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    An interview with John Arcudi on the Dark Horse blog.

    I love the reply to this question:
    Dark Horse Comics: It seems most of the core agents of B.P.R.D. are down for the count or hurting something fierce. What happens when the B.P.R.D. reaches its breaking point?

    John Arcudi: I gotta tell you, I just don't see that happening. They're too tough to break, in my eyes. I mean, if the whole human species becomes extinct, then sure, there won't be a B.P.R.D., but until that happens…Not that I'm saying that WILL happen! Besides, those core agents may be making a return to active duty sooner than you think.

  9. #24
    Hell yeah! Kees_L's Avatar
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    Quote Originally Posted by Middenway View Post
    WARNING: If you were wondering who "The Master" is, #3 makes it pretty damn obvious.

    Maybe so, then again maybe not, since it seems primarily imagery to me. Really grand and buff imagery,
    but any imagery or metaphore or *adagium* presents itself up to even its very opposite, I would presume. Like two sides to a coin, or a glass filled to a degree.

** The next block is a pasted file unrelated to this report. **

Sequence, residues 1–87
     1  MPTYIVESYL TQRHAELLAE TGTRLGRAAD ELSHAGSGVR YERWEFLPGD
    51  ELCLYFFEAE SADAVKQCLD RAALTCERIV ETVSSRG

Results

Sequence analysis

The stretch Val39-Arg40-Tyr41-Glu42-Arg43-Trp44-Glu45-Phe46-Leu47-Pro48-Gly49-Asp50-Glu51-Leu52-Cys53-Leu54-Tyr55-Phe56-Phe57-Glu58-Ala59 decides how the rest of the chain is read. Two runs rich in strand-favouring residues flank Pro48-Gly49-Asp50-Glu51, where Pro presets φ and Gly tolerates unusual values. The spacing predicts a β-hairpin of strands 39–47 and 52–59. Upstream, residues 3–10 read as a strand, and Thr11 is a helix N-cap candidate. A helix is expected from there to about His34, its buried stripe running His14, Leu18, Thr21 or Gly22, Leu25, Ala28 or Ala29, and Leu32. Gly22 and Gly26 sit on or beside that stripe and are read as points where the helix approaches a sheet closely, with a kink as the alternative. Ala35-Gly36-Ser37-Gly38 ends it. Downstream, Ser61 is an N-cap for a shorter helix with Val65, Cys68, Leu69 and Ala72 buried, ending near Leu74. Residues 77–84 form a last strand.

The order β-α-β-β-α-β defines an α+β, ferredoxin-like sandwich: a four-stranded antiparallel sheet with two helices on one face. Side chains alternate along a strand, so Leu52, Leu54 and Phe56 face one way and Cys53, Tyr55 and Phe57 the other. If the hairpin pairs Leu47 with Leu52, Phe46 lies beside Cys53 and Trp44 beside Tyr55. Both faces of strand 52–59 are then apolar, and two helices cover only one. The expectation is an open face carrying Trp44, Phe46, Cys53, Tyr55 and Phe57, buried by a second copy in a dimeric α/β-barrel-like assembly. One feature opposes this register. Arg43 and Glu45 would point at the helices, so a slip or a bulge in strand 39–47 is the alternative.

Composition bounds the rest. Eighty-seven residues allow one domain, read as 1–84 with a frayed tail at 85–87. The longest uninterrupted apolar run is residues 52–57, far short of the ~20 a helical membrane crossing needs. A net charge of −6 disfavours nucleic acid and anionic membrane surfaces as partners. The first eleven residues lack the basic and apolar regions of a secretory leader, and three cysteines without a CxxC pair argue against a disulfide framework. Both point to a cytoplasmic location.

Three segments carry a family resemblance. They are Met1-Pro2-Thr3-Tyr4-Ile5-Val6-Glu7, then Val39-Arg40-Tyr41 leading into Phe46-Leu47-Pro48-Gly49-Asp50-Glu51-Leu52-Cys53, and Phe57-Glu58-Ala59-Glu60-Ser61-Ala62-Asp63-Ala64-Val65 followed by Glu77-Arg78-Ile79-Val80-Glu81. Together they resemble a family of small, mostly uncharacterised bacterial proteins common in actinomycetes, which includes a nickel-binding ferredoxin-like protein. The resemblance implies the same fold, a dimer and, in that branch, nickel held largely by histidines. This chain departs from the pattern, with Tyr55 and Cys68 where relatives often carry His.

Like in the case of Raspy, him claiming to being special or powerful seems potentially self-undermining, like he'd be saying:
    "No really, I'm a omnipotent!..." Saying any such a thing wouldn't be cutting it the same as just being it obviously.

    Plus there'd be something seeming significant about the stuff happening in the narrative where old R.'s soul or spiritual remains would have gotten caught within the Baba Yaga's clutches into a magic acorn being cast down and beyond the roots of the Life Tree?

    I dunno, but dudes like Raspy or that chuckly bald dude (fat catterpillar-man?) or any nazis give me a sense of them seeming great metaphores for overachievers/underperformers somehow. Like their want for supremacy would foremostly be to render them futile or idle instead.

    But what Rasputin did get put behind his name, aside of a li'l bit of necromancin' would be the personal achievement of getting Hellboy summoned to Earth with project Ragnarok. So in that respect he might have seen himself as being "the master", over Hellboy and his purpose, but all the rest of Hellboy's actions seem to contradict much any mastership I'd feel.